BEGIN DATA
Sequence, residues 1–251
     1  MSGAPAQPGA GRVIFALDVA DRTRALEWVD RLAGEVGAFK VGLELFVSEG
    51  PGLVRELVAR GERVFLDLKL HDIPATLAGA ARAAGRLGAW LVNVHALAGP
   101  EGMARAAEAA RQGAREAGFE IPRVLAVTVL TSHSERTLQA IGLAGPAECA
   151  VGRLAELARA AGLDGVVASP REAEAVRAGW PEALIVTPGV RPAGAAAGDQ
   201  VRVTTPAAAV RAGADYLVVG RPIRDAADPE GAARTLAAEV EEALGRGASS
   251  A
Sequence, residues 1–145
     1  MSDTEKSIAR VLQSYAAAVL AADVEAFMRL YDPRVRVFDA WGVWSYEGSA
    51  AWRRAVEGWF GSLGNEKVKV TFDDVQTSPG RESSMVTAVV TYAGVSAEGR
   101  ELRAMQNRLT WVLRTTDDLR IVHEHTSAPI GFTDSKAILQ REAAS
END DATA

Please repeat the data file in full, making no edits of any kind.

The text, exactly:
Sequence, residues 1–251
     1  MSGAPAQPGA GRVIFALDVA DRTRALEWVD RLAGEVGAFK VGLELFVSEG
    51  PGLVRELVAR GERVFLDLKL HDIPATLAGA ARAAGRLGAW LVNVHALAGP
   101  EGMARAAEAA RQGAREAGFE IPRVLAVTVL TSHSERTLQA IGLAGPAECA
   151  VGRLAELARA AGLDGVVASP REAEAVRAGW PEALIVTPGV RPAGAAAGDQ
   201  VRVTTPAAAV RAGADYLVVG RPIRDAADPE GAARTLAAEV EEALGRGASS
   251  A
Sequence, residues 1–145
     1  MSDTEKSIAR VLQSYAAAVL AADVEAFMRL YDPRVRVFDA WGVWSYEGSA
    51  AWRRAVEGWF GSLGNEKVKV TFDDVQTSPG RESSMVTAVV TYAGVSAEGR
   101  ELRAMQNRLT WVLRTTDDLR IVHEHTSAPI GFTDSKAILQ REAAS